Jobs for Kids/Teens; Household Assistant
If you’re going to be around the house all day, you might as well get off of the couch and lend a helping hand. There’s always plenty of work to do around the house; don’t believe me? Then go ask your parents. If you play your cards right, you might even make a little money out of helping your folks get things done while working in the comfort of your own home.
Complete list of resources and centers for online education, courses and programs; mostly free.
All education is self-education. Period. It doesn’t matter if you’re sitting in a college classroom or a coffee shop. We don’t learn anything we don’t want to learn.
Those people who take the time and initiative to pursue knowledge on their own are the only ones who earn a real education in this world.
Take a look at any widely acclaimed scholar, entrepreneur or historical figure you can think of. Formal education or not, you’ll find that he or she is a product of continuous self-education.
If you’re interested in learning something new, this article is for you. Broken down by subject and/or category, here are several top-notch self-education resources I have bookmarked online over the past few years.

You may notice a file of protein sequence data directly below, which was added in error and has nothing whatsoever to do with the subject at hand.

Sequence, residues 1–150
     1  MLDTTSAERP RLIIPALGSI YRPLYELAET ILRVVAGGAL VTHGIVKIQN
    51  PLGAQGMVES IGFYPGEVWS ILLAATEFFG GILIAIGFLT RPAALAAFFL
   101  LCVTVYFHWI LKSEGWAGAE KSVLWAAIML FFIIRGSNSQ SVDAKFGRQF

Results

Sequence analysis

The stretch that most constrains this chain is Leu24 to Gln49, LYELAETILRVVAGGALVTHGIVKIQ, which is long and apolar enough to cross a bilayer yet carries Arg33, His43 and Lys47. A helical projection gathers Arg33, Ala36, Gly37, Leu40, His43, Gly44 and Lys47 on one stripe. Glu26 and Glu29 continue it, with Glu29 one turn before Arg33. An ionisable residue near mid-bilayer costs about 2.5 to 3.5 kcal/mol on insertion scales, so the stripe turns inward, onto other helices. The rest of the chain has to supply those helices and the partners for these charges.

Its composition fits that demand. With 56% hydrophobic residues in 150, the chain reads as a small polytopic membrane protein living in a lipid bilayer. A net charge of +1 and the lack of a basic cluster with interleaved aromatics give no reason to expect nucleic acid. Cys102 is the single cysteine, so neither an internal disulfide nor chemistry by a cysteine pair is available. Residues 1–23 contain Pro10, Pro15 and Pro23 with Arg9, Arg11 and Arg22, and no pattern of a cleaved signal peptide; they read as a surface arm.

Note that some of the sources overlap between various subjects of education. Therefore, each has been placed under a specific subject based on the majority focus of the source’s content.
If you’re a working teenager, then odds are the government is going to want their share of your earnings. While this doesn’t always seem fair, it’s certainly a part of having a job in the 21st century. Your federal government is the last group of people that you want on your case, especially when they start demanding their portion of your earnings, so it’s crucial that you fully understand the tax implications that come with making money in your country today.
A Smart Way to Skip College in Pursuit of a Job; Raise of NanoDegree
AT&T and Udacity, the online education company founded by the Stanford professor and former Google engineering whiz Sebastian Thrun, announced something meant to be very small: the “NanoDegree.”
At first blush, it doesn’t appear like much. For $200 a month, it is intended to teach anyone with a mastery of high school math the kind of basic programming skills needed to qualify for an entry-level position at AT&T as a data analyst, iOS applications designer or the like.
Yet this most basic of efforts may offer more than simply adding an online twist to vocational training. It may finally offer a reasonable shot at harnessing the web to provide effective schooling to the many young Americans for whom college has become a distant, unaffordable dream.
There are many advantages to employing teenage workers, which is why so many companies and businesses choose to do so. Teenagers are energetic, fast learners, affordable, and rarely show signs of employee burn-out due to their fresh entry into the workforce. On the other hand, there are issues that tend to arise in the workplace that are only common when employing teenage workers. How you as an employer handle these situations can determine whether you retain good teenage help for years to come, or whether you have to permanently install a “For Hire” sign at the front door.